With barely a pause for breath, only a couple of months after the LP Splinters saw their EPs collected into one disc Liverpool’s Salem Rages have struck again with their first full length album Aspects of the Deepest Gloom. In fact not just struck again, but struck hard and fucking fast – this is a more immediate and powerful beast than previous releases, despite a title which sounds like it should belong to a member of the Barrier Kult (non-skateboarders might need the help of a search engine for that one). From the opening crackle and driving rain of instrumental ‘1692’, the album utilises the same format of between song samples as heard in Splinters, but the riff which breaks through the noise is a heavier and angrier than what has come before. This sets up what is to follow, with the short sharp blast of ‘One for Sorrow’ almost sounding like it could have belonged to singer Russ Weasel’s outfit Cold Ones. With attention now fixed, ’13 Times’ pulls on the reins slightly and channels the gothic spirit which has driven the group from the beginning.
Amongst aficionados of German expressionist cinema the spiral is a powerful connotation of madness, something which most likely more people will have seen appropriated in the works of Alfred Hitchcock.‘Deathtides’ continues in a mid tempo vein - a powerful slice of goth rock from which The Damned could learn a thing or two – when out of the murk surfaces a spiralling organ sound, a brief interlude that nevertheless highlights perfectly what makes Salem Rages stand out in the DIY music scene. ‘Black/White’ was one of the highlights of Splinters, and is the only song which resurfaces on Aspects… with added tinkling ivories at the end, as the descent into madness begins again. Before falling completely into the abyss, however, ‘A Smokescreen Afterlife’ chugs slowly into life; a menacingly slow guitar riff and drum beat which is gradually overlaid by some surf-influenced guitar sounds, think the Night Birds on tramadol jamming an instrumental. The shorter instrumental ‘1985’ plays through in a similar vein but acts more as an opening for follow up track ‘Shadow of a Rat’, with the group starting to rev back up and throwing in a good solid fist pumper of a chorus as well. B.A.T.S. is an all-out hardcore stomper, male/female vocal duality used to good effect for what will be a definite crowd-mover live.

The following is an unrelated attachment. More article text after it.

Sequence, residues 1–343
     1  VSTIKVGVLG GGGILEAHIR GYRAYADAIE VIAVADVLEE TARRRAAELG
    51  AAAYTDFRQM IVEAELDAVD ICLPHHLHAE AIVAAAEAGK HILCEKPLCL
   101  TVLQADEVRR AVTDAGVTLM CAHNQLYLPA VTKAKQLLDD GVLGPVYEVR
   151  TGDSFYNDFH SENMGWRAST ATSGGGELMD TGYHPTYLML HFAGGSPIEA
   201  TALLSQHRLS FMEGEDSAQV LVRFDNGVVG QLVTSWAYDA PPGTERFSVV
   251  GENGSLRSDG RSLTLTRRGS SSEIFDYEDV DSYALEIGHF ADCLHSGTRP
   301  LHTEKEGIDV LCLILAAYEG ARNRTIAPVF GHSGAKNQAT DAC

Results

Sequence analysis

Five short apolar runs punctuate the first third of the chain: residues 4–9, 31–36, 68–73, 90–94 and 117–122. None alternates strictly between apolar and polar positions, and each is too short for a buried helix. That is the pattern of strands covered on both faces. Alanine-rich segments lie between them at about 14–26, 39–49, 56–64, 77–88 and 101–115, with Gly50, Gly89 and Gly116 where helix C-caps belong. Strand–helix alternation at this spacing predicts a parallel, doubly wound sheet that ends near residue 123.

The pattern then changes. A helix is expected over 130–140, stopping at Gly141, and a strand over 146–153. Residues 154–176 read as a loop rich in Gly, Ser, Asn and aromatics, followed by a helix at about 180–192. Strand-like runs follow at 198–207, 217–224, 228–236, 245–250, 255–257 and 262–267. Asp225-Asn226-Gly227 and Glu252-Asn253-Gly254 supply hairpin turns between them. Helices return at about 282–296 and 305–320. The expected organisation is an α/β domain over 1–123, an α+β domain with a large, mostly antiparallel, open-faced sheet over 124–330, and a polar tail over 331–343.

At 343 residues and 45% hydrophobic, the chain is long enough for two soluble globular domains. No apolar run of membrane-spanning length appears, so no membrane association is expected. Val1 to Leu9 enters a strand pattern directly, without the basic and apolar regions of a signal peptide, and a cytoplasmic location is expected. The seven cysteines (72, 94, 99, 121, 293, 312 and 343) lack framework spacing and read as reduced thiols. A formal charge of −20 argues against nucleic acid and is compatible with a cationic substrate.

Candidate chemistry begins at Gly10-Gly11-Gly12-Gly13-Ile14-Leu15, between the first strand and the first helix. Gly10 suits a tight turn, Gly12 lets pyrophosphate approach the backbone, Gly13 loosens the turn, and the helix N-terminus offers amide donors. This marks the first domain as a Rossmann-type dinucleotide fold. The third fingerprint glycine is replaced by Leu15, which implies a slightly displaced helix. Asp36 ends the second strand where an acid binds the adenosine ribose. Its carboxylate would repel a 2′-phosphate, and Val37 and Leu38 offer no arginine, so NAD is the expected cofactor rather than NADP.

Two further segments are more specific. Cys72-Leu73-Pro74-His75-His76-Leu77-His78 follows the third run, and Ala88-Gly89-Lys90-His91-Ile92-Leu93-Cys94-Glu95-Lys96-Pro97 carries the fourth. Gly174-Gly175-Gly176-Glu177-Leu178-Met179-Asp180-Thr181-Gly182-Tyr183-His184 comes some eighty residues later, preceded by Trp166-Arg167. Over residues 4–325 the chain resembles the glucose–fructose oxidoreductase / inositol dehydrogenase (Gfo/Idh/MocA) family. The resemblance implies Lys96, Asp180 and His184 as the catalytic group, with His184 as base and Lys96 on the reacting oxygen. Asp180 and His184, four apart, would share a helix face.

The piano which follows is a brief moment of new wave reflection before the assault continues with the goth rock of ‘New Grave’. The last two tracks eschew the hardcore thrust of the rest of the record, settling into a sprawling groove with ‘Fall of Greatness’ before a choral acappella which would not sound out of place on an early Steeleye Span record opens the lurching album closer ‘Purging the Flowers’. Slowly building from a TSOL-style riff and a drawled vocal, it continuously threatens to break into a faster and heavier beast without ever actually doing so. It is this tension which gives the song its power, I’ve no idea who I’m quoting here but horror films are always scarier when you never actually see the monster right? It is this ethos which drives ‘Purging the Flower’, leaving you not with a feeling of closure but with a sense that there is more to come – turning back to the horror film analogy, as the screen fades to black on the survivors slowly moving away, something stirs in the wreckage…
By Jono Coote